Long Posts

Neuroplasticity and trading: How our attitude trains our brain

We are what we repeatedly do

Neuroscience is the scientific study of the nervous system (how it develops, its structure and activity), including the brain, the spinal cord, and the networks of nerve cells called “neurons,” and their influence on consciousness, behavior, and cognitive functions.

I am truly fascinated by it, and I just finished reading a very interesting book called The Brain That Changes Itself which plunges into the extensive neuroscience research that has been made over the past two decades.

The brain – once largely thought of as immutable and unchangeable after a certain age – is, in fact, a dynamic organ

Once and for all, this research proves that the brain – once largely thought of as immutable and unchangeable after a certain age – is, in fact, a dynamic organ that changes constantly throughout the course of our lives, as we gain new knowledge and experiences.

This ability to change is referred to as neuroplasticity. Derived from the words “neuron” (nerve cells in the brain linked by synapses) and “plasticity” (the capacity to be shaped, moulded, or altered), neuroplasticity is the brain’s potential to create neural pathways and to reorganize itself according to how it’s being used – or not being used.

Areas of the brain that you use often are reinforced as they become bigger and stronger, while parts that are used less frequently become smaller and less effective.

For instance, every time you feel annoyed and frustrated with losses, the neural networks and the areas of the brain responsible for the experience are reinforced, and the structures that produce the experience of being “calm and cool headed” slowly fall by the wayside.

Neurons that fire together wire together

Here’s why…

Neurons that fire together wire together, strengthening neural pathways that establish our habitual thoughts, behaviors, and reactive patterns, which then fortifies those same neural networks. This is why it can be difficult to feel better after long periods of stress, depression, etc..

By the way you trade….. you are in essence training your mind in that kind of behavior.

What does this have to do with trading?

Everything! The areas and structures of the brain that are active in cognitive functions (all aspects of reasoning, thinking, evaluating, judging, remembering, and feeling) are active when we trade. Therefore, the mental processes that take place during this activity (including your thoughts, judgments, emotions, and attitudes) are reinforced.

So, by the way you trade (whether you act impulsively, let your losers go out of hand, cut your winners short, take trades outside of your methodology) you are in essence training your mind in that kind of behavior.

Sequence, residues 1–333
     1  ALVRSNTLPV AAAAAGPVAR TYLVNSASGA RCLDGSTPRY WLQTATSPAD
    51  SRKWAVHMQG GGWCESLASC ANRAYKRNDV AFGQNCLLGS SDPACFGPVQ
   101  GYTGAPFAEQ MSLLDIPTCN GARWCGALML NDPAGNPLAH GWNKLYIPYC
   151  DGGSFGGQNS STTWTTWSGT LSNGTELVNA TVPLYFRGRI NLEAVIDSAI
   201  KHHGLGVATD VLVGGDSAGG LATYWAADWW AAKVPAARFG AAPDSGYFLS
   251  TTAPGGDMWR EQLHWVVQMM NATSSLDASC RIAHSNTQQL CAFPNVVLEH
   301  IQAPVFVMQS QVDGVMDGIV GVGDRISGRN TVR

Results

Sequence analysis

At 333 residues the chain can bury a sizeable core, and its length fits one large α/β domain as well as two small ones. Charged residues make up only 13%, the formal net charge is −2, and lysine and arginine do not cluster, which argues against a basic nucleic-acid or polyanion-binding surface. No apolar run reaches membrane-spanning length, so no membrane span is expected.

If you trade for a living… cultivating the right psychology at all times is just as important as (if not more important than) your market edge and your risk management technique.

But this goes further: whatever you think, perceive, and feel (whether unconscious or intentional) even when you’re not trading, is training the brain to think , perceive, and feel in those same ways when you are trading.

It’s insidious…. I know. But it also shows just how serious psychology is — your attitudes, judgments, and inner dialogue. This might be slightly less of a concern for those of you who trade part-time as a hobby.

But, if you trade for a living, as I do, cultivating the right psychology at all times is just as important as (if not more important than) your market edge and your risk management technique.

 

Final words…

So, if you really want to make lasting changes in the way you trade, thereby improving your performance, then, you have to get into the habit of being mindful of how you think and act, in or out of the markets, so as not to fall in long-established neural patterns. Essentially, these are tiny votes for the kind of person you want to be — one who reliably acts in his own best interests in the markets or the opposite of that.

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Yvan
I've been trading for a living since 2006. By merging mindfulness (an in-depth study of the mind and its tendencies in the present moment), a good trading process, and an efficient business practice, I went from being a losing trader to a consistently profitable one. Through my work here at Trading Composure, I aim at helping you do the same.
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